Monaco (mon-uh-koh, muh-nah-koh)


Constitutional monarchy on the French Riviera.


  • Its casino at Monte Carlo, luxury hotels, and spectacular scenery make Monaco a popular resort.

  • The American actress Grace Kelly married Monaco's ruler, Prince Rainier III, in 1956. Princess Grace died in 1982.

  • Monaco

    The international dialing code for Monaco is:   377




    Economic development was spurred in the late 19th century with a railroad linkup to France and the opening of a casino. Since then, the principality's mild climate, splendid scenery, and gambling facilities have made Monaco world famous as a tourist and recreation center.



    Western Europe, bordering the Mediterranean Sea on the southern coast of France, near the border with Italy

    Geographic coordinates:

    43 44 N, 7 24 E

    Map references:



    total: 1.95 sq km
    water: 0 sq km
    land: 1.95 sq km

    Area - comparative:

    about three times the size of The Mall in Washington, DC

    Land boundaries:

    total: 4.4 km
    border countries: France 4.4 km


    4.1 km

    Maritime claims:

    territorial sea: 12 NM


    Mediterranean with mild, wet winters and hot, dry summers


    hilly, rugged, rocky

    Elevation extremes:

    lowest point: Mediterranean Sea 0 m
    highest point: Mont Agel 140 m

    Natural resources:


    Land use:

    arable land: 0%
    permanent crops: 0%
    other: 100% (urban area) (1998 est.)

    Irrigated land:

    NA sq km

    Natural hazards:


    Environment - current issues:


    Environment - international agreements:

    party to: Air Pollution, Air Pollution-Volatile Organic Compounds, Biodiversity, Climate Change, Desertification, Endangered Species, Hazardous Wastes, Law of the Sea, Marine Dumping, Ozone Layer Protection, Ship Pollution, Wetlands, Whaling
    signed, but not ratified: Climate Change-Kyoto Protocol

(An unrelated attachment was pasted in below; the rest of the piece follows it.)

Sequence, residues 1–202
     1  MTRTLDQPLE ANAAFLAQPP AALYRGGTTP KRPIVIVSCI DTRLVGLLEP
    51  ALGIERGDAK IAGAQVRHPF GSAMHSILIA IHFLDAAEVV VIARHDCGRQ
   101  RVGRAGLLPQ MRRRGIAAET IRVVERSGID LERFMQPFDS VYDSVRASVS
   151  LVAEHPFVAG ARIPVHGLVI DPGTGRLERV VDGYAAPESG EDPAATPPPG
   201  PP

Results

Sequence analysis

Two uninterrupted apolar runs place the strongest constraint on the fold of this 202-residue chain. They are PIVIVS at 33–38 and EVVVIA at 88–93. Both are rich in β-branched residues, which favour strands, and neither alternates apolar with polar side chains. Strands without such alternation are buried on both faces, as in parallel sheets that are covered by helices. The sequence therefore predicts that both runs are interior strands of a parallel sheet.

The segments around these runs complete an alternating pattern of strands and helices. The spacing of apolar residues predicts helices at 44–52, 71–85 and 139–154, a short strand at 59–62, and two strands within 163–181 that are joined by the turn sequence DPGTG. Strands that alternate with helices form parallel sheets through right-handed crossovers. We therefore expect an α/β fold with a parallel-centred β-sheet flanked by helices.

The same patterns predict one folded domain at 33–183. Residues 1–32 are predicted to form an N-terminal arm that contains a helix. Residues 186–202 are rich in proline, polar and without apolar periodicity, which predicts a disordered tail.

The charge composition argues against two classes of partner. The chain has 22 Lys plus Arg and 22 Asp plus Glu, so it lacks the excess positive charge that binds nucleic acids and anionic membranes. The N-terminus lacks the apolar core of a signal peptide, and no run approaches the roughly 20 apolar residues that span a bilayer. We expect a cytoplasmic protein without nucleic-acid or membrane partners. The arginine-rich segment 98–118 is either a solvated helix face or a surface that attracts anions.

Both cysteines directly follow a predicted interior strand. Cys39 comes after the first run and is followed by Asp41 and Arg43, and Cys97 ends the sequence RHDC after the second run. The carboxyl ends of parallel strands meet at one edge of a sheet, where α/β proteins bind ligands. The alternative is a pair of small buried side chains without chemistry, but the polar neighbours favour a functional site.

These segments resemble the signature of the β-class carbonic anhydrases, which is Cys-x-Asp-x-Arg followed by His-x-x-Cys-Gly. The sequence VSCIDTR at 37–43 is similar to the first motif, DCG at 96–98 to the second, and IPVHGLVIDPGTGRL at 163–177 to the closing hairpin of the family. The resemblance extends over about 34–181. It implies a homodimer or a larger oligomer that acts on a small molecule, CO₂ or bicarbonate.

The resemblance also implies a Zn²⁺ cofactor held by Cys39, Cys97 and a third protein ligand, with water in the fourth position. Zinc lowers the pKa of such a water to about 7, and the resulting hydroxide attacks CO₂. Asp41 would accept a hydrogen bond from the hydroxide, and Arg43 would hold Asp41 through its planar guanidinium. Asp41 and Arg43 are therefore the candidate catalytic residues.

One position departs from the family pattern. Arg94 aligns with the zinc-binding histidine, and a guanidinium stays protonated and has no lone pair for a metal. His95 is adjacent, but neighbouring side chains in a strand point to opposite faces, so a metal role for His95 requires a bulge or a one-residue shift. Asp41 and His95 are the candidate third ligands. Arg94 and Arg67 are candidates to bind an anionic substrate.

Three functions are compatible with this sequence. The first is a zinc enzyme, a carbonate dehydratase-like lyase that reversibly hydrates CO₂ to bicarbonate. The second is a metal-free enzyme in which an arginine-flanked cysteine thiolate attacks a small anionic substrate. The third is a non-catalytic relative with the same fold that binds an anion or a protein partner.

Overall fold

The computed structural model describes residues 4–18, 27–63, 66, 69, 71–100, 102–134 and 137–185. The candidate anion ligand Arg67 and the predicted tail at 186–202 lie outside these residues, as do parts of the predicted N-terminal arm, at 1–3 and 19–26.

Geography - note:

    second-smallest independent state in the world (after Holy See); almost entirely urban



    32,130 (July 2003 est.)

    Age structure:

    0-14 years: 15.5% (male 2,551; female 2,445)
    15-64 years: 62.1% (male 9,814; female 10,130)
    65 years and over: 22.4% (male 2,937; female 4,253) (2003 est.)

    Median age:

    total: 45 years
    male: 43 years
    female: 47 years (2002)

    Population growth rate:

    0.44% (2003 est.)

    Birth rate:

    9.46 births/1,000 population (2003 est.)

    Death rate:

    12.82 deaths/1,000 population (2003 est.)

    Net migration rate:

    7.78 migrant(s)/1,000 population (2003 est.)

    Sex ratio:

    at birth: 1.05 male(s)/female
    under 15 years: 1.04 male(s)/female
    15-64 years: 0.97 male(s)/female
    65 years and over: 0.69 male(s)/female
    total population: 0.91 male(s)/female (2003 est.)

    Infant mortality rate:

    total: 5.63 deaths/1,000 live births
    female: 4.69 deaths/1,000 live births (2003 est.)
    male: 6.52 deaths/1,000 live births

    Life expectancy at birth:

    total population: 79.27 years
    male: 75.37 years
    female: 83.37 years (2003 est.)

    Total fertility rate:

    1.76 children born/woman (2003 est.)

    HIV/AIDS - adult prevalence rate:


    HIV/AIDS - people living with HIV/AIDS:


    HIV/AIDS - deaths:



    noun: Monegasque(s) or Monacan(s)
    adjective: Monegasque or Monacan

    Ethnic groups:

    French 47%, Monegasque 16%, Italian 16%, other 21%


    Roman Catholic 90%


    French (official), English, Italian, Monegasque


    definition: NA
    total population: 99%
    male: NA%
    female: NA%


    Country name:

    conventional long form: Principality of Monaco
    conventional short form: Monaco
    local short form: Monaco
    local long form: Principaute de Monaco

    Government type:

    constitutional monarchy



    Administrative divisions:

    none; there are no first-order administrative divisions as defined by the US Government, but there are four quarters (quartiers, singular - quartier); Fontvieille, La Condamine, Monaco-Ville, Monte-Carlo


    1419 (beginning of the rule by the House of Grimaldi)

    National holiday:

    National Day (Prince of Monaco Holiday), 19 November


    17 December 1962

    Legal system:

    based on French law; has not accepted compulsory ICJ jurisdiction


    21 years of age; universal

    Executive branch:

    chief of state: Prince RAINIER III (since 9 May 1949); Heir Apparent Prince ALBERT Alexandre Louis Pierre, son of the monarch (born 14 March 1958)
    elections: none; the monarchy is hereditary; minister of state appointed by the monarch from a list of three French national candidates presented by the French Government
    cabinet: Council of Government is under the authority of the monarch
    head of government: Minister of State Patrick LECLERCQ (since 5 January 2000)

    Legislative branch:

    unicameral National Council or Conseil National (24 seats; 16 members elected by list majority system, 8 by proportional representation; to serve five-year terms)
    election results: percent of vote by party - NA%; seats by party - UNAM 21, UND 3